THE MIRACLE (1991) ** 3/4
How sad, how cynical, how insensitive it is to dismiss small films and human stories. But that's the name of Hollywood showbiz (not film art) and that's why we so often have to look abroad for civilized motion pictures.
For its initial stretch, THE MIRACLE is just that, a civilized pleasure. Set in the seaside Irish town of Bray, near Dublin, it introduces teen-agers Jimmy (Byrne), a good sax player and the orphan son of an affectionate but bottle-prone musician; and Rose (Pilkington), an unglamorous duckling from a higher social stratum. The kids are original, articulate and have the appeal of humorously sensitive beings.
Their relationship is one of loving friendship, with the stress on "loving" for Rose who openly wishes Jimmy were more than a pal. It's a relaxed, cerebral, even poetic relationship. The couple walk about, observing people as subjects for writing, making up stories about them and composing literate, felicitous descriptions, as for a nondescript man : " The drabness of his life was so complete as to have its own fascination."
Sighting a new subject, pretty and pleasantly plump Renee (D'Angelo), they concoct a fiction about a woman in hiding after a murder. Up to now, and by movie standards, it is refreshing to see an Ireland-- granted we are not in Ulster-- shown for something else than politics, civil strife, poverty or leprechaun sentimentality. Instead this is a return to the Ireland of Celtic myths, letters and imagination.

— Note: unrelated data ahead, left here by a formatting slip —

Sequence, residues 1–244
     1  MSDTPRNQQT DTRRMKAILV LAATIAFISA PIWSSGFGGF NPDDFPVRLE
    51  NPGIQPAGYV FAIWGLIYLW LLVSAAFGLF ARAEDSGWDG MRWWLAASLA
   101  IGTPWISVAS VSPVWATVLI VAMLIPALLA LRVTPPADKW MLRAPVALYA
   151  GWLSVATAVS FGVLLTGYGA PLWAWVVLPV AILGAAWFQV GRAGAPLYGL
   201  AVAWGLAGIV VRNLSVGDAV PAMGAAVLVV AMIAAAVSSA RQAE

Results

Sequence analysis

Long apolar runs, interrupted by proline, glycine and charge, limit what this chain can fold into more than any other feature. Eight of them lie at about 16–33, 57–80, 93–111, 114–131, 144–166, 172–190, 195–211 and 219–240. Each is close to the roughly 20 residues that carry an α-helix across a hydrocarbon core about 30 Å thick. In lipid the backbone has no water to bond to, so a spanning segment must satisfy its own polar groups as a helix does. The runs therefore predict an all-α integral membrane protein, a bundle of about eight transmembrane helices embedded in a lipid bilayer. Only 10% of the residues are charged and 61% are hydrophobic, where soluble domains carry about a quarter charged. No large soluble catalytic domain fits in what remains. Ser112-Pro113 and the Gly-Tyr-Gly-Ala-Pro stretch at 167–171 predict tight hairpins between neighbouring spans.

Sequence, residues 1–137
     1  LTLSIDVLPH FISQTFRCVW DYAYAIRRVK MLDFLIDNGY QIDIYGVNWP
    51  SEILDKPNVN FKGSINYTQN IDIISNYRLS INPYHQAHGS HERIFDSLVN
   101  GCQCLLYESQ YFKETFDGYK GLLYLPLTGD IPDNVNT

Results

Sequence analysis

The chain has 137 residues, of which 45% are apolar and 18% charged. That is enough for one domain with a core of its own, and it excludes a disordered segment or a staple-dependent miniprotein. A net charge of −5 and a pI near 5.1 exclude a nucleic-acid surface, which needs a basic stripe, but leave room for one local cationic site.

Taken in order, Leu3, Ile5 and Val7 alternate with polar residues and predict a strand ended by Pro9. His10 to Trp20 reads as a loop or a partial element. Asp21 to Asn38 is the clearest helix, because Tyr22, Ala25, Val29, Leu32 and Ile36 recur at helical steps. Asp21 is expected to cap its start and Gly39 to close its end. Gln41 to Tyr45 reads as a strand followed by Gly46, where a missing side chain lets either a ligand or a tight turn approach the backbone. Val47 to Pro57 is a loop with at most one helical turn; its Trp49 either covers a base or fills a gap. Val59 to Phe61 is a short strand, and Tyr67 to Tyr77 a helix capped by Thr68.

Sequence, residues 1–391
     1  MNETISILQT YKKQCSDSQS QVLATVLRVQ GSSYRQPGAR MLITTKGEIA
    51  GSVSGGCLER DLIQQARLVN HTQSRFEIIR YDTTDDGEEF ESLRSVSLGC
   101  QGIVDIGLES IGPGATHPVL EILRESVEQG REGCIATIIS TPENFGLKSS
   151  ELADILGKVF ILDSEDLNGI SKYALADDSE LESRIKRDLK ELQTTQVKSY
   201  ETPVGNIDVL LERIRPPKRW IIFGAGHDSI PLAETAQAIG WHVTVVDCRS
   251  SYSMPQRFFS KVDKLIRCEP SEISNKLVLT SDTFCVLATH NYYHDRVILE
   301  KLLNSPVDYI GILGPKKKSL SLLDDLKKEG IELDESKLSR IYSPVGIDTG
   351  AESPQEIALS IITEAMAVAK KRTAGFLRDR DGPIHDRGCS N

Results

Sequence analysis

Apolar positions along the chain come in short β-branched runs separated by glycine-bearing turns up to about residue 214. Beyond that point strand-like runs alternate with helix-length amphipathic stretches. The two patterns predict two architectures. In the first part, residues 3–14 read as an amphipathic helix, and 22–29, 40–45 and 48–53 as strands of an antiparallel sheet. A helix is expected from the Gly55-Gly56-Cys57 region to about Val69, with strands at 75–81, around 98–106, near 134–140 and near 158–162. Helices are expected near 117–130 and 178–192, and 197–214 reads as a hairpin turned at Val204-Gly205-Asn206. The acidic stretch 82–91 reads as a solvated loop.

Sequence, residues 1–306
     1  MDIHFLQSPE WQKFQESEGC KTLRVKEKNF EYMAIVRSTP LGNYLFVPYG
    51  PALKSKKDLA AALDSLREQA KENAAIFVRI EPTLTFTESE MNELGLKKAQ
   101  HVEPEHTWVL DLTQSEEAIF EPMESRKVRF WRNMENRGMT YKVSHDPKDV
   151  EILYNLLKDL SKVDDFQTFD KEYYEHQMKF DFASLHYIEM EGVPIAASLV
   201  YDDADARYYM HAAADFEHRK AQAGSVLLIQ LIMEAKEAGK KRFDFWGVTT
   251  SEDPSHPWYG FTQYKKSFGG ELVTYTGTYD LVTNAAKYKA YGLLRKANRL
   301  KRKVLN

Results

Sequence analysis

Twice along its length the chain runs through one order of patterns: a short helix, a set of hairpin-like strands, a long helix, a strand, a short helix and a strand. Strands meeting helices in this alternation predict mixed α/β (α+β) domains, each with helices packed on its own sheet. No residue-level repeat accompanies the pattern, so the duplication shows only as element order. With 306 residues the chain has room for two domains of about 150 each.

Jimmy, smitten with the older woman, pursues her and follows her to Dublin where she has the leading part in a pretty awful stage production of DESTRY RIDES AGAIN -- originally a marvellous 1939 movie with Marlene Dietrich as a fascinating saloon hostess and James Stewart as a pacifist lawman.
At this point the movie makes a melodramatic, pulp-novel, Oedipal turn. Renee is really Jimmy's not-dead mother, but not only won't she tell the boy, she keeps behaving seductively. The boy's attraction to the woman is quite credible, but Renee's (and the plot's) flirting with incest is unhealthy as well as unexplained.
THE MIRACLE was until now nicely eccentric, less in the sense of amusingly off-the-wall and more in the original meaning of something off-center, pleasantly askew. As when Jimmy is reluctantly recruited into his father's jazz band, and quits it to play sax riffs for an amazing lady contortionist. Later too, Rose's affair (for an animal-rights ulterior motive) with a young elephant keeper, adds another unorthodox twist of whimsy.
In the past, the fancifulness of Irish-born writer-director Neil Jordan's resulted in the splendid (but nost underrated) THE COMPANY OF WOLVES, the good (but slightly overrated) MONA LISA, and the deserved fiasco WE'RE NO ANGELS.
THE MIRACLE, like the well-turned sentences of its young protagonists, has many good inventions. Its peripherals are excellent, whether the choice of music (by Anne Dudley) that underlines the perennial appeal of old songs (notably Hoagy Carmichael's 1929 "Stardust ) or the camerawork by Philippe Rousselot (Hope and Glory, The Bear) that shifts beautifully with the moods.
So long as fancy operates, especially in the rapport of the two youngsters, the film is a winner. But the mother-son involvement rapidly becomes heavy, uncomfortable, unconvincing and uninvolving. Hence a rating of just under ***.